Jueves, 12 Septiembre 2019 08:51

LIFE FOREST C02 | Forest management as a way to fight climate change

Researchers from ERSAF, University of Córdoba Researchers from ERSAF, University of Córdoba

The LIFE FOREST CO2 project studies how forestry bolsters the carbon sequestration capacity of reforested areas

The effects of climate change, which increasingly affect citizens' routines, and the sustainability of the planet, arise, basically, from an imbalance in the carbon cycle. This is why a large part of the research community has focused on forests’ carbon sequestering power, as they absorb the carbon present in the atmosphere and incorporate it, through photosynthesis, into their structure, or ground it, through their roots, thus generating carbon sinks.

Sustainable forest management can, therefore, play a role in mitigating climate change. Along this line, Rafael Mª Navarro Cerrillo, a Professor of Forest Engineering at the University of Cordoba, together with the 'Evaluation and restoration of agricultural and forestry systems' research group at said college, are studying the effect that reforestation has on carbon sequestration capacities.

Within the LIFE FOREST CO2 project, this research group focuses on replanting of the Aleppo pine (Pinus halepensis) and black pine (Pinus pinaster), in the eastern area of Andalusia and Murcia, to determine what kind of forestry strategies optimise global C02 sequestration capacities in these forest systems.

In these types of studies the retained biomass is analysed; both the aerial part (trunk and crown) and at the roots of the trees. In this case, however, the UCO also monitors the carbon sequestration capacity of the soil, which often exceeds that of the trees' aerial portions. In this way, a comprehensive understanding of all possible carbon sequestration by the forest system is achieved.

The high densities of these forests have caused growth to stagnate, due to the competition between trees for access to resources (water, light and nutrients), such that their sequestering power also remains stagnant. If no action is taken the outlook is alarming: the forests could stop their carbon sequestration, or they could be lost, due to pests or fires. To address this situation of stagnation, it is proposed to include two types of forestry strategies to control the forests' thickness: clearing programs (modification of denseness) and specific reforestation management methods. After measuring the carbon sequestration rates present in the forests after implementing these strategies, the research group found that the higher the intensity of clearing, the greater the carbon sequestration, due to the reactivation of the growth process. After clearing, the trees' growth increases, absorbing more carbon as a result of the improvement in their growing conditions (increase in the size of the crowns, increase in the foliar mass, etc.), augmenting the tons of carbon per hectare. The increase in light from the reduction of the trees' density affects the soil, favouring the mineralization of organic matter, stimulating biological activity, and increasing its incorporation into the soil.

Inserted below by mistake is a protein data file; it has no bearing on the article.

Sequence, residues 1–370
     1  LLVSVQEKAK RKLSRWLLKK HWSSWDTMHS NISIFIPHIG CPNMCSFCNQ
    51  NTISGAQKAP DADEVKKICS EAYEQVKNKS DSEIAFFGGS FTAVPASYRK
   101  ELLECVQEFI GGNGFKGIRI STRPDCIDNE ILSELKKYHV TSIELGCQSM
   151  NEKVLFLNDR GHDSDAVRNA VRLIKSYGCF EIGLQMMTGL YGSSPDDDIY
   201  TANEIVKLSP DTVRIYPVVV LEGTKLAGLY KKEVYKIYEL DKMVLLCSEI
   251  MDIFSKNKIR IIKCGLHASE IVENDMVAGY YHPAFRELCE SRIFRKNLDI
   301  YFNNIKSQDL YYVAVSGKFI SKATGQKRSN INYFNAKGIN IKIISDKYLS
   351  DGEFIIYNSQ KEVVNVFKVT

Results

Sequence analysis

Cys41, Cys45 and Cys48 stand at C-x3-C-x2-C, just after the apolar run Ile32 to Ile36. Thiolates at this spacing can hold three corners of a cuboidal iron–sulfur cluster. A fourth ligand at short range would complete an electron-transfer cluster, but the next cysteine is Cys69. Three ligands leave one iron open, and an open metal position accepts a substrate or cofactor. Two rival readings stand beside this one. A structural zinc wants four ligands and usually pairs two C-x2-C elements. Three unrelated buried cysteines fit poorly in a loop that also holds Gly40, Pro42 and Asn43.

In addition to the environmental advantages, this project shows how it can economically benefit those companies that must pay for their carbon emissions. Now, when compelled to pay taxes for those emissions, they will be able to opt for these types of methods as a way to balance out the results of their activity and exchange carbon credits. Thanks to the demonstration of how forestry can bolster forest sequestration capacities, both governments and private companies will have strategies to regulate the carbon discharged into the atmosphere and tools against climate change. The ecosystemic benefits resulting from this activity impact society as a whole: they increase biodiversity, reduce the danger of fires, improve the hydrology of river basins, and generate employment in the primary sector, stabilising people in these areas. In short, the power of forests to improve people's quality of life is manifested.

"The LIFE FOREST CO2 project has been financed by the European Union's LIFE program (LIFE14 CCM / ES / 001271). The information included in this article reflects only the opinion of its authors. The European Agency/Commission waives responsibility for use that may be made of the information contained in this article. "


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